City, state nuisance bills look to help with nightmare neighbors

Councilmember Stanley Chang pushes for stiffer penalties

Published  6:43 PM HST Feb 13, 2013
House
HONOLULU -

A high-profile case in Kahala that has pit neighbors against a Japanese billionaire has prompted new legislation.

On Wednesday, Japanese tycoon Genshiro Kawamoto worked on the front yard of a home on the Mauka side of Kahala Avenue, what he says will be his piano hall.

Flowers and statues replace a broken wall on one of his many homes that have languished for years.

The city said as of last week, Kawamoto has one outstanding violation for overgrowth, along with a $2,000 fine.

 The area councilman has introduced a bill to deal with chronic neighborhood blight.

"We received complaints from all over the district and also from all over the island about properties that were blighted with weeds and other garbage that wasn’t disposed of. This bill would stiffen the penalties to encourage compliance," said Stanley Chang, whose district stretches from Waikiki to Hawaii Kai.

Chang calls for raising the fines from $1,000 a day to $5,000 a day.

The bill, he said will work hand in hand with a state nuisance bill that would give neighbors the right to sue if their property values drop because of outstanding violations.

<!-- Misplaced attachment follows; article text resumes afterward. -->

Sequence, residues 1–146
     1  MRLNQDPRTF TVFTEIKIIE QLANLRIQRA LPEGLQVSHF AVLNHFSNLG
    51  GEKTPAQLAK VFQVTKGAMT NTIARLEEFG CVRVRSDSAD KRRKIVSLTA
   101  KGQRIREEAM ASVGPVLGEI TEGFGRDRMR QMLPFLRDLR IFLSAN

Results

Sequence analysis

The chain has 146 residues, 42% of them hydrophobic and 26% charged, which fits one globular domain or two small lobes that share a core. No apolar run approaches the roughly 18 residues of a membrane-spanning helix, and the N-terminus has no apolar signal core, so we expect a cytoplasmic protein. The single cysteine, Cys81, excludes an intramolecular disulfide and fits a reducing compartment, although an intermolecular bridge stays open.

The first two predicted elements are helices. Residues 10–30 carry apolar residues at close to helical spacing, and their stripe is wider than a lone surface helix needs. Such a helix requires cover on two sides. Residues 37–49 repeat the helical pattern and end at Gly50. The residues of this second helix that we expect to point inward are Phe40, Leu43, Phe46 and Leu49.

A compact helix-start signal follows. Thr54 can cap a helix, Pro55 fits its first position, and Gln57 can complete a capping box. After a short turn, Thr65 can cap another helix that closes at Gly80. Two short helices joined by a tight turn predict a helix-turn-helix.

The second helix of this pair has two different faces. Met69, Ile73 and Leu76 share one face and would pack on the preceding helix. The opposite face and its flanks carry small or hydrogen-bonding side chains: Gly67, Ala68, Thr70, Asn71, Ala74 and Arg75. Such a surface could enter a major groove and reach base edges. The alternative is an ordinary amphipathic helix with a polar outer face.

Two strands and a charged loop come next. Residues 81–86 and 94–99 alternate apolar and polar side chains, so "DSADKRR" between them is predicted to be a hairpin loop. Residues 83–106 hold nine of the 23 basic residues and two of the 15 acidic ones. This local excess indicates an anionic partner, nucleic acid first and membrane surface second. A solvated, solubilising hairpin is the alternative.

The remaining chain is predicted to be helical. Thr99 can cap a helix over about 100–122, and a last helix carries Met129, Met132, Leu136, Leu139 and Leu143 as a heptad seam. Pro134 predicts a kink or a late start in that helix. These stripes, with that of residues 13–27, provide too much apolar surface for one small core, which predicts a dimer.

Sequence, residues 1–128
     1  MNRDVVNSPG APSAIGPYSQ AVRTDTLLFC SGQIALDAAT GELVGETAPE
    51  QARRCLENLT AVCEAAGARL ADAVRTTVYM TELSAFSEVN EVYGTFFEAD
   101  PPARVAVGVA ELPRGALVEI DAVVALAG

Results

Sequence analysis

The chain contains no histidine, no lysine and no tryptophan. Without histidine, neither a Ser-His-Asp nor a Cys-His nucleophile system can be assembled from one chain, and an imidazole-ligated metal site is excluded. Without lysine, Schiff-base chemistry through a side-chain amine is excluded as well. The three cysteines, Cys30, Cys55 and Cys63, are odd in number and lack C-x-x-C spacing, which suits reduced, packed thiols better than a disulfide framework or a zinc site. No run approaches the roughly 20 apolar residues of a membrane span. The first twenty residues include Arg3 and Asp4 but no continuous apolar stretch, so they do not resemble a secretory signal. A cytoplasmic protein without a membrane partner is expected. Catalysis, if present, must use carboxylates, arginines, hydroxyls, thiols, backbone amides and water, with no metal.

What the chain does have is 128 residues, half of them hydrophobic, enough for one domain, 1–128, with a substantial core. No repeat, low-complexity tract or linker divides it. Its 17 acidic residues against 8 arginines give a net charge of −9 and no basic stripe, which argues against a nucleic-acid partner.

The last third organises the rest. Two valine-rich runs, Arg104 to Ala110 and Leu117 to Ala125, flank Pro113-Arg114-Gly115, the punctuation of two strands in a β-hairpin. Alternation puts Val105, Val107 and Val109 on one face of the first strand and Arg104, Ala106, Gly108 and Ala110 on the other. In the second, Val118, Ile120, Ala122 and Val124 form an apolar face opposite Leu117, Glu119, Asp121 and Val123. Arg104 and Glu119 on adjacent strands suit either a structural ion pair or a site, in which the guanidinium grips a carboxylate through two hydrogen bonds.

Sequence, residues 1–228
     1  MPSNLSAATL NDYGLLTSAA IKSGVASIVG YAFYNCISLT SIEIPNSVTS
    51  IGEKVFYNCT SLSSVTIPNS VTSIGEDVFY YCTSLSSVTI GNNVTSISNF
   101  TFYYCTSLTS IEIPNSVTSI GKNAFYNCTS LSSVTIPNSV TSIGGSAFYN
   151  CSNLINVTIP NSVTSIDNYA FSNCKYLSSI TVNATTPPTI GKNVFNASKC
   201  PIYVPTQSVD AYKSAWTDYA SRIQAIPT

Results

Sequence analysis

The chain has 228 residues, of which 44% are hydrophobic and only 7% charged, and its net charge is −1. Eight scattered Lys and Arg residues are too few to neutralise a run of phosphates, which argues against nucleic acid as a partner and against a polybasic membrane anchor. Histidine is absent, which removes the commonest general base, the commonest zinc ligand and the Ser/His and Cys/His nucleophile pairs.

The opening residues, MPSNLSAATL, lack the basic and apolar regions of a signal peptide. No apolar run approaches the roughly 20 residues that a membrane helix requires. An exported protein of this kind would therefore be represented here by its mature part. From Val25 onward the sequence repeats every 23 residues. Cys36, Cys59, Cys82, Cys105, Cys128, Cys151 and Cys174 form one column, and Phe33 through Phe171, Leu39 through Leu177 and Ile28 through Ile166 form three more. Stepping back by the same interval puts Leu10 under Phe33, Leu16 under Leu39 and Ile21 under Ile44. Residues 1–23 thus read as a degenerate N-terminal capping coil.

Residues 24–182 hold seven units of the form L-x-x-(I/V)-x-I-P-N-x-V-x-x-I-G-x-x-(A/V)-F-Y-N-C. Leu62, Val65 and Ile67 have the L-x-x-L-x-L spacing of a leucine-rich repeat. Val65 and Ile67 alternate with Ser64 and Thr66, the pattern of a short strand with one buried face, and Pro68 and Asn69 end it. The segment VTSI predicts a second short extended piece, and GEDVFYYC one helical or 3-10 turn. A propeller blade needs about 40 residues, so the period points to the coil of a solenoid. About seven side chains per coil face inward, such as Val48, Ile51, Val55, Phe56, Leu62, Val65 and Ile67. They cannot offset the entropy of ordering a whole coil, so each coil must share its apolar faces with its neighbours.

Kawamoto's latest problems with neighbors center around generator noise at one of the three homes he has allowed needy families to move into rent-free.

Neighbors say the home has had  power for months.

"I am helping them put in an electrical box.  No money,” said Kawamoto.

And when pressed about neighbors who have been complaining that police have been called there for fights, Kawamoto nodded, “I know, I know."

As for the state of his gardens along Kahala Avenue, Kawamoto says they are 50 percent complete.  He hinted that maybe in three months he would invite local media for a tour.

He thinks most of neighbors approve of his efforts to clean up the broken structures, and he did clear up misconceptions about his plans for a museum at the site.

"It’s my personal museum.  Not public.  No, not public,” Kawamoto said.

Given Kawamoto's history, residents are wary.

"I don’t think what he has done is good for the community or the neighborhood," said Chang.

Chang’s nuisance bill gets its first hearing at a council zoning committee meeting on Thursday.

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